If you’re concerned about a friend, colleague, or loved one falling into addiction, you should understand the signs of doctors and addiction. Although medical professionals can hide it better than others due to their knowledge of the topic, they’re not immune to the eventual symptoms that will show up and wreak havoc in their lives. 

Doctors and Addiction: What are the Signs?

As was described above, medical professionals who become dependent or addicted to drugs will resist these signs because they’re highly functional users. Trying to see if a doctor is dependent or addicted to alcohol or illicit drugs is a challenge because they can maintain their home life and careers without anyone knowing. 

If you’re concerned about drug or alcohol abuse in a doctor, the most common signs include:

  • Frequent bathroom breaks 
  • Small pupils
  • Extreme anxiety about working overtime
  • Unexplained absences
  • Frequent job changes
  • Preferring one shift over the other because there is less supervision and easier access to medicine
  • Strong odor of alcohol
  • Financial problems
  • Excessive paperwork errors
  • Excessive use of mouthwash, breath mints, or anything that masks odors
  • Volunteering to administer narcotics to patients

The Effects of Workplace Addiction

Doctors hold a great deal of responsibility in comparison to the general population. When they take extreme risks like using prescription medication and actively practice medicine, the consequences can be catastrophic and lead to permanent damage or death. Doctors are held in high regard, so their actions are held to a much higher standard. When they abuse alcohol or drugs, it inhibits their ability to perform tasks for work.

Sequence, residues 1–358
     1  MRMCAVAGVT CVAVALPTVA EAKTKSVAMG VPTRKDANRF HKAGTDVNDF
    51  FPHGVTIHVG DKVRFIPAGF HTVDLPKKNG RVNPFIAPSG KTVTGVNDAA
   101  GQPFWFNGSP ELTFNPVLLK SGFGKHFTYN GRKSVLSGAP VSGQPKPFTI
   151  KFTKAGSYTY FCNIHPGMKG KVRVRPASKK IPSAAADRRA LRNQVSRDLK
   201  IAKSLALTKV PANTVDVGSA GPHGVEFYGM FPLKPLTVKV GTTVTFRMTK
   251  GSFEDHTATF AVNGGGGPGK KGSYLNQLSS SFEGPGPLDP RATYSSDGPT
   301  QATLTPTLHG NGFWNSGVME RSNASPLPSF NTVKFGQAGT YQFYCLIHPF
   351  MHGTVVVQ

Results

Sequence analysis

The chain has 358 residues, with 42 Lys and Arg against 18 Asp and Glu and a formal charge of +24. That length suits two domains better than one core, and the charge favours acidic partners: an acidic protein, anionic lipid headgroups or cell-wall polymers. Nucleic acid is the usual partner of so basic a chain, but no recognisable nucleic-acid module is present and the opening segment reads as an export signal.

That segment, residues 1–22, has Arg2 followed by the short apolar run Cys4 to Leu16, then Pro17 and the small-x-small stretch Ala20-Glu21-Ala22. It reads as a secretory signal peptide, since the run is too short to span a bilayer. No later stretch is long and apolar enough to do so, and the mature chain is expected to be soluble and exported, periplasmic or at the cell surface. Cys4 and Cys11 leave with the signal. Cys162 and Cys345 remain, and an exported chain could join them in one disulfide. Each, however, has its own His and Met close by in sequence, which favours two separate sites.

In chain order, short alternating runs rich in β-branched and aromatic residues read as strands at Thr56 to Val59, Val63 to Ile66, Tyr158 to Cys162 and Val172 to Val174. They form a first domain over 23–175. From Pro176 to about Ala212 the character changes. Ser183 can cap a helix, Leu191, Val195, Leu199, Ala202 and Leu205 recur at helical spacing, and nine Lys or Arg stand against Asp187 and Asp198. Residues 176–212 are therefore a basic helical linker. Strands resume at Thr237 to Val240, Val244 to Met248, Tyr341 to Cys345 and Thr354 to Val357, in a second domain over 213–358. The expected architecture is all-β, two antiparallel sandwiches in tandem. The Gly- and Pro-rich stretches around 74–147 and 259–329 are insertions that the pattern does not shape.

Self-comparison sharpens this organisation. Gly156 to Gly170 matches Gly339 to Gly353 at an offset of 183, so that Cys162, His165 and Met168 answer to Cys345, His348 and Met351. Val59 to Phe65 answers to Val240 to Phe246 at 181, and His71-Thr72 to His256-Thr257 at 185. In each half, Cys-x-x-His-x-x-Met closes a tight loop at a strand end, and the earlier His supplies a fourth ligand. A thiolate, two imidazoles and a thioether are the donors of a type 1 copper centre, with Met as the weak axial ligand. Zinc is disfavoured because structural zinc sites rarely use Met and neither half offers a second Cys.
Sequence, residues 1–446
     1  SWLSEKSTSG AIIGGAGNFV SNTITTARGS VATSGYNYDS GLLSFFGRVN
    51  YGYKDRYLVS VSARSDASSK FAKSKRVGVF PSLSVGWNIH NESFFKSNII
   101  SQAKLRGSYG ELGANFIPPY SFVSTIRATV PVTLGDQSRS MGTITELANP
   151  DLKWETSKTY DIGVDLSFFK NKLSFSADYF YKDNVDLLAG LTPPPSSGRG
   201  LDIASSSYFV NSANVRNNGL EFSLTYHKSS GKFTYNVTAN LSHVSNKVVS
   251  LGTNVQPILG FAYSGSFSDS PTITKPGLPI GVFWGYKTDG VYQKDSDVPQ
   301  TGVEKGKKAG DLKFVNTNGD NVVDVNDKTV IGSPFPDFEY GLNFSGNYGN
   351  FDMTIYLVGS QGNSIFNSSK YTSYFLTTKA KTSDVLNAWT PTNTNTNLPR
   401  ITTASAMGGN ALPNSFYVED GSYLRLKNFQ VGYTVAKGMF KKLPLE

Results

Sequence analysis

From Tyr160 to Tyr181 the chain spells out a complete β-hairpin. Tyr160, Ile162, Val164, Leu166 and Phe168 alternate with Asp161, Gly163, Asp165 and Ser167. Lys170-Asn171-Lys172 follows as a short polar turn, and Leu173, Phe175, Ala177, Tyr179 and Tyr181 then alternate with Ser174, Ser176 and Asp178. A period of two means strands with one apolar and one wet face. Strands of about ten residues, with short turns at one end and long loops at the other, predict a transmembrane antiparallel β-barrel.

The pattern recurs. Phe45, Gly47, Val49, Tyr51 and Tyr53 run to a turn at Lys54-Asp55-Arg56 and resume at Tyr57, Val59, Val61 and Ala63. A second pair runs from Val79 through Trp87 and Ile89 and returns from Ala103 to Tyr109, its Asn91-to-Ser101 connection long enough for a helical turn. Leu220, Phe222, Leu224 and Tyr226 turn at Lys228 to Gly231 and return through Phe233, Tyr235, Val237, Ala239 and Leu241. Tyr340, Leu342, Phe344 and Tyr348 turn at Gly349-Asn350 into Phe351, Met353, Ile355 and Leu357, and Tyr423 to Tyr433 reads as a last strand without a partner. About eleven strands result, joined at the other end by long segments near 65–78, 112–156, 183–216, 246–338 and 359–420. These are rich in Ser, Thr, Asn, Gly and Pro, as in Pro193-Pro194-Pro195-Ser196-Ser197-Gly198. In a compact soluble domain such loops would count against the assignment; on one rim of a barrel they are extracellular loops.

Drug and alcohol addiction will lead to selfish behavior without the knowledge of doing so, and not only does it put themselves at risk, but also the families they treat. In many instances, doctors may not accept they’ve developed a drug dependency, but at some point, they have to deal with the problems head-on and get the help they need. By doing so, it’ll prevent accidents that could hurt themselves or patients. 

How to Find Help as a Medical Professional

Doctors are held to a high standard because they save lives. Despite their achievements and superhero appearance, addiction is still a possibility. Fortunately, with the advances in modern medicine, the quality of treatment has increased dramatically in recent years.

Many places in the United States cater to doctors in the recovery process. They work diligently to help them avoid losing their practice and license, which is a significant barrier for them to get help. These specialized programs allow doctors to return to work and provide them with tools to avoid triggers once in the workplace.

These are essential areas that should be addressed in treatment for doctors:

  • Restoring their reputation
  • How a doctor will return to their professional lives
  • Participation in monitoring programs
  • Addressing disciplinary issues they might be facing
  • Learning to avoid triggers 
  • Establishing an after-care plan

Doctors were once pessimistic about their futures when it came to treating addiction, and despite the growing numbers of addiction, help is available. Despite encountering the disease at higher rates than the general population, they also have higher rates of maintaining their sobriety when treatment is finished.